Introducing The Minaret of Jam
Reaching a dizzying height of 65m, the Minaret of Jam (Minar-e Jam; ticket US$5, still/video camera US$5/10, vehicle US$10, translator US$15) stands as a lonely sentinel at the confluence of the Hari Rud and Jam Rud rivers, the greatest surviving monument of the medieval Ghorid empire. Forgotten by the outside world until the mid-20th century, it remains a holy grail for many travellers to Afghanistan. The first view of the minaret as it looms suddenly and unexpectedly from the folds of the mountains is worth all the rough roads it takes to get there.
The minaret was built in 1194 for Sultan Ghiyasuddin, the grandest of the Ghorid rulers, and marks the highpoint of their fired-brick architecture (Ghiyasuddin also commissioned Herat’s Friday Mosque at this time). Three tapering cylindrical storeys rise from an octagonal base, the whole completely covered in intricate café-au-lait brick decoration. Interlocking chains, polygons and medallions wind delicately around the shaft, interspersed with text from the Quran.
At the neck of the first section, a band of Kufic text spells out Ghiyasuddin’s name in glazed turquoise, the only colour on the minaret. Above this are spars from the original wooden scaffold and brick buttresses that would originally have supported a balcony. The second and third shafts are more restrained in their decoration, surmounted by a final lantern gallery with pinched and pointed arches. Few muezzins have ever had such a stage for their call to prayer.
At the time of its construction, the minaret was the tallest in the world and until the 20th century only the Qutb Minar in Delhi was taller. For many years, archaeologists were mystified as to its purpose. Its isolated location begs the same question from every visitor: why here? Given the lack of associated buildings, it was assumed by many to be part of a concurrent Central Asian trend for raising single massive towers as statements of political power, possibly marking victory over a pagan populace. Jam is now recognised to be the site of the lost city of Firuzkoh, the Ghorids’ capital destroyed by the Mongols.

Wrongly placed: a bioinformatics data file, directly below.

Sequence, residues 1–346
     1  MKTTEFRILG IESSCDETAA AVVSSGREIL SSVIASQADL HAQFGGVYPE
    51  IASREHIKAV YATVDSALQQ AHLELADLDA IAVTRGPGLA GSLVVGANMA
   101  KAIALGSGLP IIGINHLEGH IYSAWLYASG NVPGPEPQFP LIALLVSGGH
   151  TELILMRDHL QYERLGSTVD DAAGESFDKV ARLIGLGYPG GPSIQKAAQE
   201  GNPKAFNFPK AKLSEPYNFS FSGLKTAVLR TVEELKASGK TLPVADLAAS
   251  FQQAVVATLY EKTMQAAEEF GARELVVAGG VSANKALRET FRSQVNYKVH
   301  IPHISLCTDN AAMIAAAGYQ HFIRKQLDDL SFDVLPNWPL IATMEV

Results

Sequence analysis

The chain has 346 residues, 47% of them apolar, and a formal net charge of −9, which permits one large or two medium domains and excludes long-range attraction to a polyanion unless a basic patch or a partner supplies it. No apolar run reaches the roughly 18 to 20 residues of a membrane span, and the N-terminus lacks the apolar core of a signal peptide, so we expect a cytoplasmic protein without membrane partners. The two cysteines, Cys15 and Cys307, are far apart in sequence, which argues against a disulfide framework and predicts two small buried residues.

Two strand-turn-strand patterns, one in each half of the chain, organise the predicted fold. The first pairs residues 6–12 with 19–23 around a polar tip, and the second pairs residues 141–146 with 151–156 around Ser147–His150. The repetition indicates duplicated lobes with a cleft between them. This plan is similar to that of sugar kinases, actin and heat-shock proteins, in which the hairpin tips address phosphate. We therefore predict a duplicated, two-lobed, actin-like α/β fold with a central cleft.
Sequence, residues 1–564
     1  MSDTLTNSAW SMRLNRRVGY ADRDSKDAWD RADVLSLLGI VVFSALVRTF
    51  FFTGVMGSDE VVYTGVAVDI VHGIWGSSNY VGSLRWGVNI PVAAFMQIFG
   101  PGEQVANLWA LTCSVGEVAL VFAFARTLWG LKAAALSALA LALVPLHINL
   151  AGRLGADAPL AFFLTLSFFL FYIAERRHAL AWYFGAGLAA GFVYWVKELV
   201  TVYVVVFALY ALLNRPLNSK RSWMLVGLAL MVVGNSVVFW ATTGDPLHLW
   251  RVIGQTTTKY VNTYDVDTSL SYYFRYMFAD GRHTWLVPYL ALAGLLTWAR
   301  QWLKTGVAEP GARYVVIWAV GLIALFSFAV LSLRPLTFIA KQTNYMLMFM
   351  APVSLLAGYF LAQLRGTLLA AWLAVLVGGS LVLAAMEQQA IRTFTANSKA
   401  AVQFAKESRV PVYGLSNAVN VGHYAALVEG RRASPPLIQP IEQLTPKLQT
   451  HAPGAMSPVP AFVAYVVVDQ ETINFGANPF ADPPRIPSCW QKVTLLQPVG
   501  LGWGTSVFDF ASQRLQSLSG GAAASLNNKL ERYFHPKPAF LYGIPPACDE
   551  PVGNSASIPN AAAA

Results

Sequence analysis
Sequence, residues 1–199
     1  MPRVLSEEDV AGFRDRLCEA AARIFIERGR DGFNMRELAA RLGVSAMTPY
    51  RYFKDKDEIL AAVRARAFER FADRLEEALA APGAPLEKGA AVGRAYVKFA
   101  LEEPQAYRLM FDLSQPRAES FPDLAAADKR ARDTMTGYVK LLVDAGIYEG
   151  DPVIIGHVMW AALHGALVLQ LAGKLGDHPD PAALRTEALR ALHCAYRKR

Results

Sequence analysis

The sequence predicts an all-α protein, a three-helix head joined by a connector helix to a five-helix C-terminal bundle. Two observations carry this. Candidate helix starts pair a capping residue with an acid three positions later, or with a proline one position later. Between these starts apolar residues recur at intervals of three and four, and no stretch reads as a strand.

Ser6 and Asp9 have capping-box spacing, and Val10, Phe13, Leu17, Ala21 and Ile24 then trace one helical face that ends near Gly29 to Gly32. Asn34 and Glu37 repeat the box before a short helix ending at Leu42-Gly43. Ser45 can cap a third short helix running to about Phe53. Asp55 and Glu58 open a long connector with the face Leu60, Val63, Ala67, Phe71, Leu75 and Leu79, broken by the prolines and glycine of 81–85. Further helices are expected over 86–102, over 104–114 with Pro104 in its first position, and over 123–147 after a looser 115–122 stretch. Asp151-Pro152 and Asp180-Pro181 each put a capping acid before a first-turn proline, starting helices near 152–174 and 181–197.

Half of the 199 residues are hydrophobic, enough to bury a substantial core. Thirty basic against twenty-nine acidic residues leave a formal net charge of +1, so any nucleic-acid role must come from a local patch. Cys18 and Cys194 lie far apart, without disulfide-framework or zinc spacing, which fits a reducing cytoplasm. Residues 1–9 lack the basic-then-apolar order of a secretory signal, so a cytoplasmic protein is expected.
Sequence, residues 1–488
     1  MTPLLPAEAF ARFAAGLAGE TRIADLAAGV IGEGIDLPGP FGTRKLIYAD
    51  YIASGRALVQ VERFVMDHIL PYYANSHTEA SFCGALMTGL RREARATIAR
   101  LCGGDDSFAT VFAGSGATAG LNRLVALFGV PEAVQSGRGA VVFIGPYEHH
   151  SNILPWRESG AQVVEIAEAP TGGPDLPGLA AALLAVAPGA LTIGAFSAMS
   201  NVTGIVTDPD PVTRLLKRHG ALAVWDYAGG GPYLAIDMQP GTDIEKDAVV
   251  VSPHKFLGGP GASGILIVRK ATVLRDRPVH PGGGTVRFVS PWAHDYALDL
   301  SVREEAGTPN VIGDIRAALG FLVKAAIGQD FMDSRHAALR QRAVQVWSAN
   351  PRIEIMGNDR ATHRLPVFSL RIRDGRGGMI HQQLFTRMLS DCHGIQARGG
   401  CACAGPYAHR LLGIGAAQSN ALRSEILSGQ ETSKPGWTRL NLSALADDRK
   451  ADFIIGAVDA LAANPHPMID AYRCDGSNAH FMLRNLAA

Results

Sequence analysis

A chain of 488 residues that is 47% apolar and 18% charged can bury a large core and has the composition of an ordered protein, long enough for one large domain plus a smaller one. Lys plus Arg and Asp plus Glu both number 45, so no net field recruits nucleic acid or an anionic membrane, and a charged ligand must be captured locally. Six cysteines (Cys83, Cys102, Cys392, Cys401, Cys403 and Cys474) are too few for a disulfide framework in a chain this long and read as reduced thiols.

It’s possible to climb the minaret and the views are amazing. A ladder allows you to crawl through a narrow entrance hole to the interior. There are two staircases, winding around each other like a DNA double-helix. Care should be taken on the narrow steps and a torch isn’t a bad idea. The stairs end in an open chamber, from where you can look out over the confluence of the rivers. A second staircase continues from here up to the lantern gallery, although the climb feels more than a little precarious.
In 2002, the Minaret of Jam became Afghanistan’s first World Heritage site, simultaneously being placed on the list of World Heritage sites in danger. It’s easy to see why. Sat on the confluence of the Hari Rud and Jam Rud rivers, erosion of the foundations has been a constant worry, and gabion walls have been built to reinforce the structure. Even so, the minaret still lists at a worrying angle. Illegal looting, which ironically reached its peak after the fall of the Taliban, has also damaged the site, and robber holes can easily be spotted in the area.